Over the last year, space travel fanatics have been looking to Tucson for several reasons, not the least of which has been the construction of Spaceport Tucson.
World View is a company that focuses on developing high-altitude balloons that conduct research in the stratosphere, about 30 kilometers above Earth’s surface. Eventually, the company plans to offer balloon rides into the stratosphere for 75,000 dollars a seat.
Not only did the scientific community find interest in the spaceport, but it also caught the attention of the Pima County Board of Supervisors, who saw the spaceport as a potential economic and touristic boon.
The Pima County Board of Supervisors is a five-person panel responsible for public policy in the region, especially regarding guidance for economic development. The board pushed World View to locate their spaceport in Tucson, which meant giving the company a good deal to settle here.
However, their deal has not gone as smoothly as hoped.
In the 2015 bond election, Pima County voters overwhelmingly denied all six measures to fund economic development and tourism. In January of 2016, four of the five members on the board still voted to sell 15 million dollars worth of bonds to build World View’s facilities, a move that some claimed went behind the backs of voters. This got the board in legal trouble; the Goldwater Institute sued the board for violating state law and the state constitution, and won in the Superior Court on all counts. This month, though, the board voted to appeal the ruling.
While the spaceport would likely benefit Tucson and the county, the people and the courts have spoken on this issue. Pima County is wrong in appealing the Arizona Superior Court’s ruling.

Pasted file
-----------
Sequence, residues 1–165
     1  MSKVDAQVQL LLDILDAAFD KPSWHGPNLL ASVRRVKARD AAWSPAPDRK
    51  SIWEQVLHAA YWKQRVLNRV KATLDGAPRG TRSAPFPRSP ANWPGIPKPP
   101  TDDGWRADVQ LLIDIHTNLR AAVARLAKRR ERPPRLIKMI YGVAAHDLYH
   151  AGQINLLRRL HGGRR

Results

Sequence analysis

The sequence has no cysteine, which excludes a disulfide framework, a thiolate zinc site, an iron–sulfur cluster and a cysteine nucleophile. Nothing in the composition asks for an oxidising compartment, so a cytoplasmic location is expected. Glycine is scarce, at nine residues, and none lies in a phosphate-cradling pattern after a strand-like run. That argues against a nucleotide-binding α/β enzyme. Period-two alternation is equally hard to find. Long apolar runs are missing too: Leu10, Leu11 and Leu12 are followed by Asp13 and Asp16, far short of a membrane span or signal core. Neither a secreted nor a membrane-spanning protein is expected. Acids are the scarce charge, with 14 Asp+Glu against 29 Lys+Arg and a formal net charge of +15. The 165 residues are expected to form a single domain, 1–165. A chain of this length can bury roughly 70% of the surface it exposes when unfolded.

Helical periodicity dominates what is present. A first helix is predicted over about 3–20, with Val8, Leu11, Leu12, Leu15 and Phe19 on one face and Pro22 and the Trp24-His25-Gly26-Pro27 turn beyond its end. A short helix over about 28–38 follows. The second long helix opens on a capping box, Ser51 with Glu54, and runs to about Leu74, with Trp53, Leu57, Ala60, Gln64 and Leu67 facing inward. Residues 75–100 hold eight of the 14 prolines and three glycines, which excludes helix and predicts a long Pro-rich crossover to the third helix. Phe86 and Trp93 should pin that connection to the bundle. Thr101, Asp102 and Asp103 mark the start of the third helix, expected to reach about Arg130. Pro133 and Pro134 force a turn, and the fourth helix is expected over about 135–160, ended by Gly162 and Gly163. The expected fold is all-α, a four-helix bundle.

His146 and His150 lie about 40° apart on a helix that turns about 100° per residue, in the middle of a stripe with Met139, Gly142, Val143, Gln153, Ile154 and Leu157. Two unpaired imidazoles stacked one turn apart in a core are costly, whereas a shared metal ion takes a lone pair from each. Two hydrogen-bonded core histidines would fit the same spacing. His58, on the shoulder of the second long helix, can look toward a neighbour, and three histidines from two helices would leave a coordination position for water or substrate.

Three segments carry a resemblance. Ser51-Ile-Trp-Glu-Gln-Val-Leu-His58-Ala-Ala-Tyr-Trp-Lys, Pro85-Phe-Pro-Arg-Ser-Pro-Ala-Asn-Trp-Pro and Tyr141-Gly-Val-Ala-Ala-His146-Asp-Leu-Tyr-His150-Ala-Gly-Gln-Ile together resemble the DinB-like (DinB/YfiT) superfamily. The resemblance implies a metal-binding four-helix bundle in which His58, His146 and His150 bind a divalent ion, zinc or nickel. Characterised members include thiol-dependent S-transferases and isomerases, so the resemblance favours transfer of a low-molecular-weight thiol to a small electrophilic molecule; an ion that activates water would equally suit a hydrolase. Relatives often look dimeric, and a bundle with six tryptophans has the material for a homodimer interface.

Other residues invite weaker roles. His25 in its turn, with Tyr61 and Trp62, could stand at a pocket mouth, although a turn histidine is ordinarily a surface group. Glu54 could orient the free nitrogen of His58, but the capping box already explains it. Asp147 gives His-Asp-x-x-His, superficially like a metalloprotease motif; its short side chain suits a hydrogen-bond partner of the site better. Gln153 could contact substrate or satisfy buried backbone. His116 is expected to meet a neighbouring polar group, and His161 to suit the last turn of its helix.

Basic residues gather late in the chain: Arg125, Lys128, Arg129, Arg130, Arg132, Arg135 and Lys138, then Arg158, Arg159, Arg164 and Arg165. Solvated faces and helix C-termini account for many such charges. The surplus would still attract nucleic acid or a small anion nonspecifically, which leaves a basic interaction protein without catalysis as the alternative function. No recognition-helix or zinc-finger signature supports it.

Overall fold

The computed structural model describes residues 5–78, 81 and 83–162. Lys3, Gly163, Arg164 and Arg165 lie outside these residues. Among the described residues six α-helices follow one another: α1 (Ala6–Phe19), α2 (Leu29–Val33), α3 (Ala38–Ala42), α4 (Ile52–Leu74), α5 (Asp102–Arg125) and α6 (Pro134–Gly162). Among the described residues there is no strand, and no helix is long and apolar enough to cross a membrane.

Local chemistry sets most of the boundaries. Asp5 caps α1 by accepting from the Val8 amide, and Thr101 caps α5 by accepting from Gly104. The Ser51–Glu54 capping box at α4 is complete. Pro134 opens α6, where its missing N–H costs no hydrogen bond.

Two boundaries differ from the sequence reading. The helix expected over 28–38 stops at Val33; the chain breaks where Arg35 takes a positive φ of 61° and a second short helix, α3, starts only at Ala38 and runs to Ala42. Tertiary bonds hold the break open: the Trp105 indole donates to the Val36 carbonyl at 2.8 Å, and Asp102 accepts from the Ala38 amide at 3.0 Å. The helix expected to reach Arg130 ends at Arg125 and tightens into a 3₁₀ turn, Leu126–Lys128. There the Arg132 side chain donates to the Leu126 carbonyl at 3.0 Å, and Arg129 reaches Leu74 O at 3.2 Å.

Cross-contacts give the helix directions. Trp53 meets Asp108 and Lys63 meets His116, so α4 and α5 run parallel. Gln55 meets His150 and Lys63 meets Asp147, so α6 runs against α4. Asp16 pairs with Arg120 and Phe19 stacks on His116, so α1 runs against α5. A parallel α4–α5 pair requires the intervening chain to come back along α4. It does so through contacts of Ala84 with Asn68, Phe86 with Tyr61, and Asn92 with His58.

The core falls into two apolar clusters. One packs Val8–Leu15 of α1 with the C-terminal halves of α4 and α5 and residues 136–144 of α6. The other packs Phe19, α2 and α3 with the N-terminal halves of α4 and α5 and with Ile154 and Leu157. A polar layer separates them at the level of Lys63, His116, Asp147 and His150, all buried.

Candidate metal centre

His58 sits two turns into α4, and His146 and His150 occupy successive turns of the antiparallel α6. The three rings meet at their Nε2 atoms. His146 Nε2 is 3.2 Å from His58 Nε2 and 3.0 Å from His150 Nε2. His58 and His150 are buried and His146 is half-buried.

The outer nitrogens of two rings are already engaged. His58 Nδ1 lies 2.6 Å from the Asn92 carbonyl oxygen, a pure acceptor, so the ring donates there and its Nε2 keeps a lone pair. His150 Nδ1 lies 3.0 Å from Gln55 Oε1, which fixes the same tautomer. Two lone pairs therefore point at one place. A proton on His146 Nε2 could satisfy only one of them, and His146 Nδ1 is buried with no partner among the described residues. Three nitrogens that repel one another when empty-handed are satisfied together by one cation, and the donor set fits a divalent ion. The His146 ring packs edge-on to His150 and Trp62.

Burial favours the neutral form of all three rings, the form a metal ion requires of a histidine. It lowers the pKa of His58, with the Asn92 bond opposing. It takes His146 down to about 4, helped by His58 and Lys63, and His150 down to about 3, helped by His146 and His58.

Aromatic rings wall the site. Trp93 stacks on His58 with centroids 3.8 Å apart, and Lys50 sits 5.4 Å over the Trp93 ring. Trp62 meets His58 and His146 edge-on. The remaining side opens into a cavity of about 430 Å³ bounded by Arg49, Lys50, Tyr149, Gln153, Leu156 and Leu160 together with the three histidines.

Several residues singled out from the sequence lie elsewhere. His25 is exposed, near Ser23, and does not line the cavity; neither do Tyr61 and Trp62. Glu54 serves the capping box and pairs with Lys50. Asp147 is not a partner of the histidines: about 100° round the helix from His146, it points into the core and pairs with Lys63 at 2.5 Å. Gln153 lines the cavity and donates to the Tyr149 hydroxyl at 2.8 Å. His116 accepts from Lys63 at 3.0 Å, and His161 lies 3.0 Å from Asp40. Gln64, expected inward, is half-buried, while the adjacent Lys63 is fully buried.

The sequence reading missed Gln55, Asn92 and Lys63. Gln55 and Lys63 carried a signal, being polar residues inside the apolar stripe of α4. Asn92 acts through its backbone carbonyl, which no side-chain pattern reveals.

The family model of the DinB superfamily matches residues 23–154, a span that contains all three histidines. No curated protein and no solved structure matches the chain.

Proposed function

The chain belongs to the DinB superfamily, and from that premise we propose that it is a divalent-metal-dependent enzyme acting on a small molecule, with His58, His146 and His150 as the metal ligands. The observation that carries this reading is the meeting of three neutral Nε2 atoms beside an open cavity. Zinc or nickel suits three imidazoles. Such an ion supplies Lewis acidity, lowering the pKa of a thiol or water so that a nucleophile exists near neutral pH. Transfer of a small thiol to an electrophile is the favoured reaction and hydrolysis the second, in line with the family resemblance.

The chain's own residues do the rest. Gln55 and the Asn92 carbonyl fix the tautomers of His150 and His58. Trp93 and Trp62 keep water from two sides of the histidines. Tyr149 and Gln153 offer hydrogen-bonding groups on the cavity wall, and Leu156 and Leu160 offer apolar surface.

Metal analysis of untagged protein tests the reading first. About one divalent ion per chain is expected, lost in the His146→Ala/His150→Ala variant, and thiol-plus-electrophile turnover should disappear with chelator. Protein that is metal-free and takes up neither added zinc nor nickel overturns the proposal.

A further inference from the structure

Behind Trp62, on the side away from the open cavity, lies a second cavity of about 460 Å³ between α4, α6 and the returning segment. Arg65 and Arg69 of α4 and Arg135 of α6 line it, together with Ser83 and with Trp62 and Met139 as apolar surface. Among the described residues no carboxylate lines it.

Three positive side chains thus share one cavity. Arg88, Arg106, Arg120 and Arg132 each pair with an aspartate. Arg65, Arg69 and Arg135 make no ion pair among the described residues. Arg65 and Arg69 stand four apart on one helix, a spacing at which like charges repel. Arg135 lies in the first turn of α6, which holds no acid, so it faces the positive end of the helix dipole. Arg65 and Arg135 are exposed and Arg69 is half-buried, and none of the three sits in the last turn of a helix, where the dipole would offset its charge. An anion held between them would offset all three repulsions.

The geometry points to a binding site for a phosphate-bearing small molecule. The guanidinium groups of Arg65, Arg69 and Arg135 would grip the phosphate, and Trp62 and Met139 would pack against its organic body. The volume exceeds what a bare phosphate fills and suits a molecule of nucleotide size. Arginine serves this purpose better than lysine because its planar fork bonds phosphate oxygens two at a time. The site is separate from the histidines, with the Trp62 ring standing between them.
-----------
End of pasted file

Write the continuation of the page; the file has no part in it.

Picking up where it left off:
The appeal, first of all, probably will not move the County’s deal forward. When the case was discussed at the Superior Court, the Honorable Catherine Woods ruled that public expenditures had to be for public purposes and that “general economic development” did not fall under the category of “public purposes.’” Pretty explicitly, the board violated the law by giving millions of dollars to a private company’s purposes.
Even if the county were to win on this count, the Goldwater Institute also previously looked to sue based on the county’s violation of the State Constitution’s Gift Clause, which states that the county cannot give or loan credit to a corporation. The deal as it stands necessitates mortgaging county buildings and loaning nearly 20 million dollars of county money to World View, again fairly explicitly violating state law.
Importantly, the county does not even need to win the appeal to work with World View. In fact, the Goldwater Institute said that if the county simply followed the proper procedure to lease the land, they could renegotiate the lease, legally. For the county, this would mean getting the spaceport building appraised, holding a public auction and setting the rate for the lease no lower than 90 percent of its value. These requirements were originally ignored. Now, though, the county can follow these stipulations and legally work with World View.
World View will also likely stay in Tucson despite losing this particular deal with the county. In response to the ruling, the company told NASA that “Our commitment is to continue to work closely with Pima County, the City of Tucson and the State of Arizona to fully realize the vision of a thriving spaceport and aerospace corridor in Southern Arizona.”
The economic benefit to Tucsonans would not diminish if the county doesn’t appeal the case. Although the money that World View uses will likely have to come from its own company or through loans, this would protect Pima County voters in the end. The previous deal did not have any protections if World View defaulted on its end of the deal. Therefore, if it pulled out of the project, Pima County would lose millions of dollars and the taxpayers would be required to make it up.
Renegotiating the deal will leave World View accountable only to itself and the county accountable to its voters. This is likely the best and only feasible option for moving forward with the spaceport.
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